USA v. Charles Cannon


OPINION filed : AFFIRMED, decision not for publication. Jeffrey S. Sutton, (Authoring )Circuit Judge; David W. McKeague, Circuit Judge and Helene N. White, Circuit Judge.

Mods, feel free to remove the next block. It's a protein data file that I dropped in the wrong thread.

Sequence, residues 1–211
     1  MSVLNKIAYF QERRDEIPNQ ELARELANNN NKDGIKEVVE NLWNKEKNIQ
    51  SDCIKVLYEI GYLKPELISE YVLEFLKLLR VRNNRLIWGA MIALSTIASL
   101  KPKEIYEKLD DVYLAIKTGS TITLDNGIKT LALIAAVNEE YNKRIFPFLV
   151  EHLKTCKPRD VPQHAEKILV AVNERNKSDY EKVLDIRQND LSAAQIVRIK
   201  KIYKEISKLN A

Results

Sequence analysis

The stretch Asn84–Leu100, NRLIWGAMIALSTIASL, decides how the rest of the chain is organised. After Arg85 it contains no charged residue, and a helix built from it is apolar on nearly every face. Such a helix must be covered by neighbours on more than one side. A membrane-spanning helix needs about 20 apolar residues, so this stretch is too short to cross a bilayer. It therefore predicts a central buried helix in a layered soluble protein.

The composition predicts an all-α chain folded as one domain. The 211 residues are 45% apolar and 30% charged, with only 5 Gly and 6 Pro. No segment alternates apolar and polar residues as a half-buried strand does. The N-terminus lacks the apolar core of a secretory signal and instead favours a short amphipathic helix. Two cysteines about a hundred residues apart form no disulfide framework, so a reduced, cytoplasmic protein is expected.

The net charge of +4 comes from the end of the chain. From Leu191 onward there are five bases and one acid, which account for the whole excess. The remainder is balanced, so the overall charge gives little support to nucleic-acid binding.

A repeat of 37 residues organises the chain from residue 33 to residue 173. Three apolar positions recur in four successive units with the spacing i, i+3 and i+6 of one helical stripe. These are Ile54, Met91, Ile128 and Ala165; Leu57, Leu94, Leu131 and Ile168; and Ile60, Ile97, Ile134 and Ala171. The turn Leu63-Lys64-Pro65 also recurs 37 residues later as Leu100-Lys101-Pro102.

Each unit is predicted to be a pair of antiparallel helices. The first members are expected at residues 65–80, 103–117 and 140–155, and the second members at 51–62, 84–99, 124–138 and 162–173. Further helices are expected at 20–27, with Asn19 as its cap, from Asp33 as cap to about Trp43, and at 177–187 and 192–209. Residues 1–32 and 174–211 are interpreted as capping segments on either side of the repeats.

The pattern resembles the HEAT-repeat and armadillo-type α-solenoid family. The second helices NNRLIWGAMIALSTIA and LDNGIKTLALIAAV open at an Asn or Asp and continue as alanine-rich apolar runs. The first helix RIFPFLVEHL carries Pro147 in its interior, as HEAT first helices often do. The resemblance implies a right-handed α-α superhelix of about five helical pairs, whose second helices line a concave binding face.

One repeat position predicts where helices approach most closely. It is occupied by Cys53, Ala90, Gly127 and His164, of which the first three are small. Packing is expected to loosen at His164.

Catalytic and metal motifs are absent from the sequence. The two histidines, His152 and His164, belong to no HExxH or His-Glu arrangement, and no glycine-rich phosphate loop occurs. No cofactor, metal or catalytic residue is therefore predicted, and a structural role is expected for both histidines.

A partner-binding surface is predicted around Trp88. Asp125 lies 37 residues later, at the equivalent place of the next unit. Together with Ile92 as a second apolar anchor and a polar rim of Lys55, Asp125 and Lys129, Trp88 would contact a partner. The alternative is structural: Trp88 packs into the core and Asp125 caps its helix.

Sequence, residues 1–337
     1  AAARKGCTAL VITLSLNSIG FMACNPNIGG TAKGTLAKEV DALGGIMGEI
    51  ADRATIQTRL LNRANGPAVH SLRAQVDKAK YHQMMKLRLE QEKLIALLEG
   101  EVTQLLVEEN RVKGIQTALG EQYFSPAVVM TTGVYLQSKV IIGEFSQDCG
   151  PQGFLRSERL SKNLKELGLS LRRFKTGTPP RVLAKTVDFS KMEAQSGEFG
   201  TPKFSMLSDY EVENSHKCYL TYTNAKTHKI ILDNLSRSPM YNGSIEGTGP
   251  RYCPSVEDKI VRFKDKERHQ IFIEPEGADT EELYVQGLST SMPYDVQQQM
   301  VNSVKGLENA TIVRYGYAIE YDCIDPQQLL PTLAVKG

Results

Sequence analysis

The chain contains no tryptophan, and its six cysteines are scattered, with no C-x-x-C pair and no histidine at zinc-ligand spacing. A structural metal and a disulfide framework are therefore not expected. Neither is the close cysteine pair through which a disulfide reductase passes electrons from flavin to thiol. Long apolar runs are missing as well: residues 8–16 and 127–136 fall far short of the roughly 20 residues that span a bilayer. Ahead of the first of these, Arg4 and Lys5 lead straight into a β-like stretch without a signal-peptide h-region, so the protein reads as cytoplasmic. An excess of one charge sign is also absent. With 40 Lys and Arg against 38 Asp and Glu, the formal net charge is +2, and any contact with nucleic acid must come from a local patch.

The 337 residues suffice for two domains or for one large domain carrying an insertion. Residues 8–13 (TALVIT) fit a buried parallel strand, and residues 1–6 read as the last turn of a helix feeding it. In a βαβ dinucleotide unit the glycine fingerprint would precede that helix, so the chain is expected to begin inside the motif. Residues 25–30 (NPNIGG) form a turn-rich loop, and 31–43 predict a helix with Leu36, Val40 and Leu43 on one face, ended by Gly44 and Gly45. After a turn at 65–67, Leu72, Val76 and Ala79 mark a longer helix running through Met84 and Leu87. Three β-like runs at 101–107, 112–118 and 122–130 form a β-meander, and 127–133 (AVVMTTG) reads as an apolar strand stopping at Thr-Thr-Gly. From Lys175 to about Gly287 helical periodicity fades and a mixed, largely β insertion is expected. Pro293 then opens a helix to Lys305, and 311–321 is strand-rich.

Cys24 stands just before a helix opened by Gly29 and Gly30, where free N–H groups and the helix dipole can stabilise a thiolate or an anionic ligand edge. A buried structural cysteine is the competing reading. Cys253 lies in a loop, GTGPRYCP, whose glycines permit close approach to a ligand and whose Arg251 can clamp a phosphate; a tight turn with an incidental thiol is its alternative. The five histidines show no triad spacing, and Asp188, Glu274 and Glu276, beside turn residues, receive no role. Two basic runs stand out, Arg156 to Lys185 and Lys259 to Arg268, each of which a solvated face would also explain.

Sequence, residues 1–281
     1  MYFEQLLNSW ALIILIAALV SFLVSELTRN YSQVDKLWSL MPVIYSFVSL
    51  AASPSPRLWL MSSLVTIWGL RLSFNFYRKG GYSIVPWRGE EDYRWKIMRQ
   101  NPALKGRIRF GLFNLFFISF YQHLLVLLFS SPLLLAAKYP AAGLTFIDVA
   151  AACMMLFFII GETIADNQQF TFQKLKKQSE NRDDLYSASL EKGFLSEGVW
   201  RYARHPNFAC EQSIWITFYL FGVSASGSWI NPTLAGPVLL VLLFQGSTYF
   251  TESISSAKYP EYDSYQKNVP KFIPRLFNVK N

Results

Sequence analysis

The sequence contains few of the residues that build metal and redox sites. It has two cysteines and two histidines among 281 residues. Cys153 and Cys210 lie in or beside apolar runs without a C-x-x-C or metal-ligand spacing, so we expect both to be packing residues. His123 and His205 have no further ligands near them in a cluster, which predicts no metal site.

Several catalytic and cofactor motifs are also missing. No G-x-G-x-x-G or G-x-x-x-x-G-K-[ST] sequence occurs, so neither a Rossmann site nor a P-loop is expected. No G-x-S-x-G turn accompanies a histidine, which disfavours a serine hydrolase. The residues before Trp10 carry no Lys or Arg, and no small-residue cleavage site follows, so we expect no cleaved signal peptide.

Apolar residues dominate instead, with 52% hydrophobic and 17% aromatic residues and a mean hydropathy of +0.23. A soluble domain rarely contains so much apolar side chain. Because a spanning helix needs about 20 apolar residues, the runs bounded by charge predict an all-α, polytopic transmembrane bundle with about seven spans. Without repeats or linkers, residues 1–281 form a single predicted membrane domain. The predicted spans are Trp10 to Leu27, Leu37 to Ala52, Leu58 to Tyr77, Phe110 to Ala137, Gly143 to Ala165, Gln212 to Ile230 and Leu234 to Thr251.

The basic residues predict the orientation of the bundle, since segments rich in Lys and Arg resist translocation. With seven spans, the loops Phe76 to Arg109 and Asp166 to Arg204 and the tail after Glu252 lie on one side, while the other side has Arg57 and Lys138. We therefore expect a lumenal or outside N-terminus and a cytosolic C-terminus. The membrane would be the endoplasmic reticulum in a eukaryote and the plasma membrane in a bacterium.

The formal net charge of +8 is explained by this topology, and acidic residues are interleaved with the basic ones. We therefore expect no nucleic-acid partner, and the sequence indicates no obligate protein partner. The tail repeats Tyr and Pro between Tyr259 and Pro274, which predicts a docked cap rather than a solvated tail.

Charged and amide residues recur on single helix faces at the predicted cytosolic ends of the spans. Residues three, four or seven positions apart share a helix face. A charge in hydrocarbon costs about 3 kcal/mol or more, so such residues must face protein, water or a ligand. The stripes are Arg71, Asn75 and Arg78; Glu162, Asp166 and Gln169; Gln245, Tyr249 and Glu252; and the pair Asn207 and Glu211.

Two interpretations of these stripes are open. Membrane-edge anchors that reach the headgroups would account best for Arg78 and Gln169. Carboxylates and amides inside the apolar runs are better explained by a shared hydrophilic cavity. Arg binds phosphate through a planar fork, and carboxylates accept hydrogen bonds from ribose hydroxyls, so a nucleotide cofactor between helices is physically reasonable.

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Case: 13-1132 Document: 006111939452 Filed: 01/17/2014 Page: 1 NOT RECOMMENDED FOR FULL-TEXT PUBLICATION File Name: 14a0043n.06 FILED Case No. 13-1132 UNITED STATES COURT OF APPEALS FOR THE SIXTH CIRCUIT UNITED STATES OF AMERICA, Plaintiff-Appellee, v. CHARLES LEE CANNON, Defendant-Appellant. ) ) ) ) ) ) ) ) ) ) ) Jan 17, 2014 DEBORAH S. HUNT, Clerk ON APPEAL FROM THE UNITED STATES DISTRICT COURT FOR THE WESTERN DISTRICT OF MICHIGAN BEFORE: SUTTON, McKEAGUE and WHITE, Circuit Judges. SUTTON, Circuit Judge. Charles Cannon challenges his conviction and sentence on an assortment of grounds. We affirm. Cannon and Carlos Watts, both cocaine dealers, met in the summer of 2010 while jailed in a Michigan prison. They became friends and often discussed drug dealing practices. Before long, they agreed to sell cocaine together after their release, with Cannon agreeing to supply the drugs, Watts the customers. When both men were released from jail later that summer, they set to work in Battle Creek, Michigan. The drug-distribution scheme contained all of the usual features, so usual that Case: 13-1132 Document: 006111939452 Filed: 01/17/2014 Page: 2 Case No. 13-1132 United States v. Cannon the operation bordered on the cliche. Cannon and Watts set up drug houses where they stored, prepared and sold the cocaine. They recruited employees (mostly prostitutes) to help them make sales. And to protect themselves and their stash of drugs, they carried guns and hired a bodyguard. After police uncovered the venture, federal prosecutors charged Cannon and Watts with drug and gun offenses. Watts accepted a plea offer, but Cannon insisted on going to trial. Watts and other participants in the conspiracy testified against Cannon. So did Cannon’s estranged wife, apparently paying no heed to a letter from Cannon that seemed to urge her to commit perjury on his behalf. A jury convicted Cannon of conspiracy to possess and to distribute cocaine base, 21 U.S.C. §§ 841(a)(1), 841(b)(1)(B)(iii), 846, and possession of a firearm by a felon, 18 U.S.C. § 922(g). The district court applied a series of enhancements to Cannon’s sentence. It concluded among other things that Cannon willfully attempted to obstruct justice in his prosecution, U.S.S.G. § 3C1.1, that he “maintained a premises for the purpose of manufacturing or distributing a controlled substance,” id. § 2D1.1(b)(12), and that he “was a manager or supervisor” in a “criminal activity [that] involved five or more participants,” id. § 3B1.1(b). Together these enhancements yielded a guidelines range of 292–365 months, and the court sentenced Cannon to 328 months, a little more than 27 years. On appeal, Cannon challenges his conviction and sentence on several grounds: (1) the district court erred in admitting the letter to his estranged wife; (2) the court should not have applied the (a) obstruction-of-justice, (b) maintaining-a-premises and (c) manager/supervisor sentencing enhancements; and (3) the district court imposed an unreasonable sentence. 2 Case: 13-1132 Document: 006111939452 Filed: 01/17/2014 Page: 3 Case No. 13-1132 United States v. Cannon 1. Admission of the letter. An evidentiary privilege shields confidential communications between spouses, but the privilege does not apply to communications between “permanently separated” individuals. United States v. Porter, 986 F.2d 1014, 1019 (6th Cir. 1993). Invoking the permanent-separation exception, the trial court permitted the prosecution to introduce a letter Cannon sent his wife Shandin Chase while awaiting trial in June 2012. The letter discusses Cannon’s family, drug habit and impending prosecution. Cannon challenges the district court’s conclusion that Cannon and Chase had permanently separated by the time he sent the letter. In the absence of an abuse of discretion, we must respect the district court’s ruling. Id. We see no error, let alone reversible error, in the district court’s decision. Cannon’s marriage with Chase was tumultuous; the couple had separated approximately ten times. In May 2012, they got into a fight. Chase hit her husband with her fist and scratched his neck, leaving a three-inch gash. After the incident, Chase separated from Cannon for the last time. Chase testified that she wanted to get “out of the drug life,” that she had no interest in saving the marriage, that she did not wish to speak to Cannon and that she intended to file for divorce. R. 93 at 53, 123. Chase also agreed that after May 2012 she had “permanently separated” from Cannon. R. 93 at 53, 89. We have upheld a permanent-separation finding on the strength of much less. See Porter, 986 F.2d at 1018 (affirming permanent-separation decision where the wife testified that she “moved out” after the husband failed to visit her in the hospital, and the couple had been apart for less than two weeks when the husband made the relevant communication). Cannon’s contrary arguments do not persuade. Past is precedent, Cannon begins: He got back together with Chase after each of the nine preceding separations, suggesting that the tenth would be no different. But nothing in the record suggests that any of the preceding separations 3 Case: 13-1132 Document: 006111939452 Filed: 01/17/2014 Page: 4 Case No. 13-1132 United States v. Cannon resulted from a violent encounter between the spouses or prompted Chase to end the marriage. So far as the record shows, the tenth time was different. Cannon persists that after the separation he sent Chase money for their children. But divorced spouses, indeed most especially divorced spouses, regularly pay child support. 2.a. Obstruction-of-justice enhancement. The guidelines enhance the range of a defendant who willfully attempts to obstruct justice at his trial. U.S.S.G. § 3C1.1. The district court applied this enhancement to Cannon because, in the just-mentioned letter to his wife, he wrote: “[M]y lawyers will be sending some paper work also. [B]ecause you know that any drugs I bought over the past 7 years we been together was for me to do up my nose or smoke out a pipe. I never bought any drugs for the purpose to sell. . . . I need you to come to court and tell the truth.” R. 86-1. The court construed the statement as urging Chase to testify falsely that Cannon never dealt drugs. Cannon concedes that urging a witness to commit perjury triggers the enhancement, but he denies that he encouraged his wife to commit perjury. We have no license to ignore this factual finding unless the court committed clear error in making it. See United States v. Orlando, 363 F.3d 596, 600 (6th Cir. 2004). The district court’s ruling passes clear-error review. Cannon’s claim that he bought drugs only to use them and never to sell them was manifestly false—as Chase, who had seen Cannon deal drugs, well knew. Why would a defendant tell a witness something that both of them knew to be false? One explanation, an entirely plausible one here, is that he wanted her to repeat the lie in court. More, the lie appears sandwiched between a reference to paperwork from the defense attorney and a request that Chase testify. Context bolsters the conclusion that Cannon lied not just because he liked lying, but because he wanted Chase to incorporate the lie into her testimony. Still more, the quoted passage comes after a discussion of Cannon and Chase’s life 4 Case: 13-1132 Document: 006111939452 Filed: 01/17/2014 Page: 5 Case No. 13-1132 United States v. Cannon together, which in context reads like an effort to motivate Chase to help Cannon out. Beyond that, Chase testified that she interpreted the letter as an invitation to lie. The attempt to suborn perjury may have been subtle, but the obstruction enhancement covers subtle efforts no less than brazen ones. See United States v. Bingham, 81 F.3d 617, 632 (6th Cir. 1996) (upholding enhancement where the defendant attempted “indirectly, and perhaps even somewhat ambiguously, to have” his girlfriend lie under oath for him). Cannon responds by highlighting the sentence “I need you to come to court and tell the truth.” It is conceivable that Cannon meant “tell the truth” literally rather than figuratively. Anything is possible. But it does not seem likely, and most importantly the district court permissibly could find it unlikely, given that the “truth” Cannon wanted her to convey—that he possessed drugs only for personal consumption—was a patent falsity. On this record, the existence of this alternative interpretation of the letter does not show clear error. b. Maintaining-a-premises enhancement. “If the defendant maintained a premises for the purpose of manufacturing or distributing a controlled substance,” the guidelines enhance the sentencing range. U.S.S.G. § 2D1.1(b)(12). Because Cannon and Watts used various drug addicts’ houses to store and sell drugs, the district court applied the enhancement. Cannon does not dispute the district court’s decision that he used these houses “for the purpose of manufacturing or distributing a controlled substance”; he challenges the court’s conclusion that he “maintained” the houses. The district court got it right. “Among the factors the court should consider in determining whether the defendant ‘maintained’ the premises are (A) whether the defendant held a possessory interest in (e.g., owned or rented) the premises and (B) the extent to which the 5 Case: 13-1132 Document: 006111939452 Filed: 01/17/2014 Page: 6 Case No. 13-1132 United States v. Cannon defendant controlled access to, or activities at, the premises.” U.S.S.G. § 2D.1.1 cmt. n.17; see also Stinson v. United States, 508 U.S. 36 (1993) (treating Guidelines commentary as binding). Cannon and Watts rented the relevant houses from drug addicts, often paying them with cocaine. Cannon and Watts also controlled access to and activities at the houses. They often would post a bodyguard at the door, and they used guns to protect the premises. All of these factors considered, Cannon “maintained” the relevant premises. Cannon replies that, because he never formally leased any of the houses in question, he did not “rent” the premises. But the maintaining-a-premises enhancement does not come with a Statute of Frauds defense. In ordinary speech, an individual who pays another person for the use of a house has “rented” the house, whether he signs a contract to that effect or not, whether he pays with a check or not. Elevating a signed lease to a prerequisite for applying this enhancement also makes little sense. Drug kingpins are not known for signing leases for their drug houses. The argument at any rate does not matter. Even if we ignore the absence of a formal lease or the method of payment, Cannon’s control over the houses suffices to trigger the enhancement. Cannon had a better argument, one he neither raised in the district court nor raised here. He finished committing his offenses in September 2010. But the maintaining-a-premises enhancement was adopted only in October and took effect only in November of that year. See U.S.S.G. supp. app. C, amend. 748; 75 Fed. Reg. 66188 (Oct. 27, 2010). And the Ex Post Facto Clause prevents a court from enhancing a defendant’s sentence on account of guidelines “promulgated after [the] defendant committed his criminal acts.” Peugh v. United States, 133 S. Ct. 2072, 2078 (2013). Cannon has forfeited this argument by failing to present it. Even if Cannon had pressed this argument, moreover, the result of this case would remain the same. The 6 Case: 13-1132 Document: 006111939452 Filed: 01/17/2014 Page: 7 Case No. 13-1132 United States v. Cannon district court said with clarity that it would impose the same sentence even if the maintaining-apremises enhancement did not apply. Because any mistake “did not affect the district court’s selection of the sentence imposed,” it was harmless. Williams v. United States, 503 U.S. 193, 203 (1992). c. Manager/supervisor enhancement. The guidelines call for an enhancement “[i]f the defendant was a manager or supervisor . . . and the criminal activity involved five or more participants.” U.S.S.G. § 3B1.1(b). The district court concluded that Cannon’s role in the conspiracy justified the enhancement. Cannon does not deny that the conspiracy involved at least five participants; he denies that he managed or supervised them. Although as a general rule we give fresh review to legal conclusions, we review the court’s application of this fact-intensive guideline with deference. United States v. Washington, 715 F.3d 975, 983 (6th Cir. 2013). The record amply shows that Cannon managed or supervised at least some of the drug venture’s employees. Cannon for starters co-founded the drug dealing partnership with Watts. Responsible for the partnership’s supply of cocaine, he retained a leading role in the partnership even after its founding. He directed prostitutes to sell the partnership’s cocaine. He directed one employee to buy ammunition. And on at least one occasion he directed an employee to hide cocaine from nearby police officers. All of this goes well beyond what it takes to activate the manager/supervisor enhancement. See United States v. Munoz, 233 F.3d 410, 416 (6th Cir. 2000) (holding that coordinating a single delivery of drugs through a courier suffices). Cannon insists that he did not “control” any of the employees. The claim as an initial flaw contradicts evidence presented at trial. But it suffers from a greater problem: It conflates the enhancement for “a manager or supervisor” with the more severe enhancement for “an 7 Case: 13-1132 Document: 006111939452 Filed: 01/17/2014 Page: 8 Case No. 13-1132 United States v. Cannon organizer or leader.” U.S.S.G. § 3B1.1. Control over subordinates is necessary to trigger the organizer/leader enhancement, and is one of the factors that distinguishes an organizer or leader from a manager or supervisor. United States v. Mitchell, 295 F. App’x 799, 802 (6th Cir. 2008); see U.S.S.G. § 3B1.1 cmt. n. 4 (“In distinguishing a leadership and organizational role from one of mere management or supervision, . . . the court should consider . . . the degree of control and authority exercised over others.”). The court permissibly applied the enhancement. 3. Substantive reasonableness. We review the length of Cannon’s sentence, 328 months in prison, for its reasonableness. Gall v. United States, 552 U.S. 38, 51 (2007). The sentence must stand unless the district court abused its discretion. Id. Cannon complains that, while the district court sentenced him to 328 months after his trial, the court sentenced his fellow conspirator Watts to 156 months after Watts pled guilty and cooperated with the government. He contends that the court slighted 18 U.S.C. § 3553(a)(6), which requires sentencers to consider “the need to avoid unwarranted sentence disparities.” But we have held time and again that § 3553(a)(6) refers to “national disparities,” not to any disparity between the defendant and a coconspirator. See United States v. Conatser, 514 F.3d 508, 521 (6th Cir. 2008). Cannon does not allege a disparity between his sentence and the sentences of similarly situated defendants across the country. Cannon persists that, even apart from § 3553(a)(6), the district court had to account for the divergence between his sentence and Watts’s sentence. But a district court does not abuse its discretion by tolerating a disparity between a conspirator who accepts a plea bargain (and cooperates with the government) and a fellow conspirator who insists on trial. See id. at 522. 8 Case: 13-1132 Document: 006111939452 Filed: 01/17/2014 Page: 9 Case No. 13-1132 United States v. Cannon The whole point of the plea bargaining system is to treat a defendant more leniently if he pleads guilty. For these reasons, we affirm. 9